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Logo of Phnom Penh Post newspaper Phnom Penh Post - The Gecko: 4 December 1992

The Gecko: 4 December 1992

The changes that have taken place in and around the New Market over the

last year have astounded even the Gecko. Day by day the facelift continues, spreading

out on all major roads leading away from Psah Thmay. While many foreigners mistakenly

refer to Phnom Penh's most important shopping bazaar as Central Market, at the very

least the French-designed edifice is the center of the current economic boom in the

nation's capital. Storefronts with new shiny signs are popping up like weeds.

The market itself is now adorned with "555" emblems on all roof facades,

just one indication of the field day cigarette companies are having in a no-restrictions

advertising environment.

Internationalism seems to be the order of the day for many of the new or newly-improved

establishments near the market. The Hotel Singapore, Tokyo Motor Accessories, Bangkok

Foreign Clothing, and the Chiang Mai Boutique are just a few of the neon-lit names;

followed by the Hawaii Hotel, the Restaurant Jakarta, Indian Bazaar, and even Euphrates


The Gecko speculates that maybe Phnom Penh's good times are the talk of the town

along the riverbanks in Baghdad.

The Gecko, who says he's wrestled with the English language himself, notes some of

the more interesting evolutionary usages of one of the world's most cumbersome tongues.

There's a shop called The Picture of the Pleasant, which-you guessed it-sells pictures

of pleasants. The Gecko hears that another shop-Saling the Kinds of Diamonds-offers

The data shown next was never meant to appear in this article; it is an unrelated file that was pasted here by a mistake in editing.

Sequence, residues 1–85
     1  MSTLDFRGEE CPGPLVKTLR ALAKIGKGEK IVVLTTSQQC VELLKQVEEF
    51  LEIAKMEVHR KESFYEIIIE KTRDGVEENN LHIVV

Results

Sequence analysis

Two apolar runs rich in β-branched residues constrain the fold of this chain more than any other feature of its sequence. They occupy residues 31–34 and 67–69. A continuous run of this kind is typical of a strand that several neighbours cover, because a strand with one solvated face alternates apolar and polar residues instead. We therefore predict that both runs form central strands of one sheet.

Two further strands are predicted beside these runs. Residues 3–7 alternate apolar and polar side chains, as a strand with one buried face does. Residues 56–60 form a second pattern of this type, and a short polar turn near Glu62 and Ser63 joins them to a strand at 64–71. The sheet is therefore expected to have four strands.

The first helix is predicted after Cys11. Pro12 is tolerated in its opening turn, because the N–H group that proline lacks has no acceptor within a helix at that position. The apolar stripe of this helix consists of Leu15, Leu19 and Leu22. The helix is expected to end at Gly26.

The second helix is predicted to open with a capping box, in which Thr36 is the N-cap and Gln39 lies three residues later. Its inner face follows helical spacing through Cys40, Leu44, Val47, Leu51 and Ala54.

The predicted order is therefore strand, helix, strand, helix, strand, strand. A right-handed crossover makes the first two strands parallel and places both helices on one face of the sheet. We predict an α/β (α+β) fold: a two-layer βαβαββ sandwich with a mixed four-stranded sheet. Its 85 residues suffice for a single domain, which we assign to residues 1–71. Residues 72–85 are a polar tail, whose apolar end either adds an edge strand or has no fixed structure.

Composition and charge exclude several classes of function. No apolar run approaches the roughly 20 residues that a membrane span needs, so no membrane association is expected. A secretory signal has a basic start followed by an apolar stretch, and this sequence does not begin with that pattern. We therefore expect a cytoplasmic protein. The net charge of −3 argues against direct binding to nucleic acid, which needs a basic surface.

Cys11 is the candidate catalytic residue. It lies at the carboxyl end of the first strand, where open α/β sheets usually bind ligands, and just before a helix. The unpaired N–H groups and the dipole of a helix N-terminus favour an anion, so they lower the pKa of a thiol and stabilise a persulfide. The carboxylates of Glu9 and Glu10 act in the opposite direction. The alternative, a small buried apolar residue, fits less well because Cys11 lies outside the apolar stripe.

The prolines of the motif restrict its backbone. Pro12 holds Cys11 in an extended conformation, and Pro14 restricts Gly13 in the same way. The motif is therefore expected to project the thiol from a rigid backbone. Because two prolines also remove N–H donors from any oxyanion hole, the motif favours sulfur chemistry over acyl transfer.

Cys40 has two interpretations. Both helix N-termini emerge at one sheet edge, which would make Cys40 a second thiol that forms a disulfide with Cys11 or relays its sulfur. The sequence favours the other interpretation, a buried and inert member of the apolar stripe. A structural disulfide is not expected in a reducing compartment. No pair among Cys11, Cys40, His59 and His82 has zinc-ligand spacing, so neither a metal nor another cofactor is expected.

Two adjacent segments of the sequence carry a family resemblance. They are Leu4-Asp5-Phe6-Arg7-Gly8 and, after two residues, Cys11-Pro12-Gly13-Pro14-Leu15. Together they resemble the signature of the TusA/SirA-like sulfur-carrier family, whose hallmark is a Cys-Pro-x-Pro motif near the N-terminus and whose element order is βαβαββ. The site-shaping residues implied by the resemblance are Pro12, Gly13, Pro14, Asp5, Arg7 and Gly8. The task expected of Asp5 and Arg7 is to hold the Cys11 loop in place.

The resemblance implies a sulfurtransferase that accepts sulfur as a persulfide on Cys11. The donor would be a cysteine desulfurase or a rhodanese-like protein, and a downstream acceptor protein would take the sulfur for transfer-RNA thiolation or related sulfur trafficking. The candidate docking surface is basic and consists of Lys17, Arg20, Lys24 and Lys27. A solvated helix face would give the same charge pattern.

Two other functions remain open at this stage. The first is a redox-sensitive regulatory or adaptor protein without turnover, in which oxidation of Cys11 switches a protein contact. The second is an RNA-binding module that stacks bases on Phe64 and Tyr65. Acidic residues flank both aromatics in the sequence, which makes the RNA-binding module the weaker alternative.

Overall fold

weekend cruises to Cambodia's exotic carrot-shaped Isles of Kinds. Or have you seen

Phnom Penh's most extensive chain of clothing stores called "Up To Date Elegant

Wears." They have branches all over town.

The flap over the American flags in front of the Republic Democracy Khmer's office

(the one with the "Communism is Evil" banner) seems to have been resolved-at

least for the moment. The Gecko heard that the State of Cambodia tried to get the

U.S. Mission to "request" that the party take down the stars and stripes.

The Yanks said it was SOC's problem, not theirs. Anyway, there's two new flags out

front now. Still looking a bit American but the stars have been replaced by Angkor

Wat emblems which, er, umm, the SNC decided months ago no party could use. Maybe

CivPol should handle this one. They've got a reputation for doing the job.

The Gecko has heard some grumbling about the Department of Posts and Telecommunications.

One unlucky lad has been trying for eight months to lease a telex line from DPT.

He's gone back four times to check on the progress and has been told each time that

his application has been lost and could he please fill out another. In the meantime,

though, DPT would be happy to give him a new phone line for the bargain price of


An NGO worker in Svay Rieng told the Gecko that she has no problems getting about

town using Vietnamese. Everybody she needs to talk to speaks it.

While the skirmishing heats up in Kompong Thom the boys in blue are keeping their

cool. The Gecko overheard one radio exchange between a nervous electoral official

near the front lines and "Mother" UNTAC that went as follows: "We're

in our bunkers because our village is getting shelled. What should we do? Over."

"When the shelling stops wait 15 minutes and then go back to work. Over."

Speaking of keeping cool the Gecko heard that Mr. Akashi's security guards have prevailed

upon the Special Representative to have his car windows tinted so nobody can see

inside. Just a small precaution.

The big concern over at Pochentong airport has resulted in a memo from UNTAC threatening

to recommend that the base be closed if it isn't resolved immediately. It's not the

lack of adequate radar that is worrying UNTAC but rather the lack of adequate toilet

facilities. With the numbers of UNTAC personnel coming and going from the airport

skyrocketing recently the absence of toilets that work seven days a week is causing

more than a bit of grumbling. The toilets have been promised for months, but with

none in sight nobody is waiting.



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